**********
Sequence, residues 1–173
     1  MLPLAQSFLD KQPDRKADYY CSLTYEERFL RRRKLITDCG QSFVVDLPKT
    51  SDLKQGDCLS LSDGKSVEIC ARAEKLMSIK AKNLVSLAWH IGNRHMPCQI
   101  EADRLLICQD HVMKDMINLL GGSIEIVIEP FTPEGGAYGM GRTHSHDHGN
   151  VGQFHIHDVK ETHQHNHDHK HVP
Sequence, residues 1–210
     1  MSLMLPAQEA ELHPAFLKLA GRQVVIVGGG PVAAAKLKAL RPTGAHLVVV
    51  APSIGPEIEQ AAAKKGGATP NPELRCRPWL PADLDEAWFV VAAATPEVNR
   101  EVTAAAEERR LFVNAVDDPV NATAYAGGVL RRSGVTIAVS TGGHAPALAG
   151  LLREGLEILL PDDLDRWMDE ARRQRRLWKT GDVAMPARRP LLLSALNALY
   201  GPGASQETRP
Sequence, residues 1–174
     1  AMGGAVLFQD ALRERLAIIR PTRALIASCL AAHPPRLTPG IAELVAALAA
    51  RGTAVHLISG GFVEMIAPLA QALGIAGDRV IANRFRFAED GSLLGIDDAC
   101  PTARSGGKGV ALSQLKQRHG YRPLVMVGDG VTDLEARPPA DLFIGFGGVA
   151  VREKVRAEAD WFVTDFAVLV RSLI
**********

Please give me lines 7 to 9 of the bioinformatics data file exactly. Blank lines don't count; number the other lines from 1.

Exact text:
     1  MSLMLPAQEA ELHPAFLKLA GRQVVIVGGG PVAAAKLKAL RPTGAHLVVV
    51  APSIGPEIEQ AAAKKGGATP NPELRCRPWL PADLDEAWFV VAAATPEVNR
   101  EVTAAAEERR LFVNAVDDPV NATAYAGGVL RRSGVTIAVS TGGHAPALAG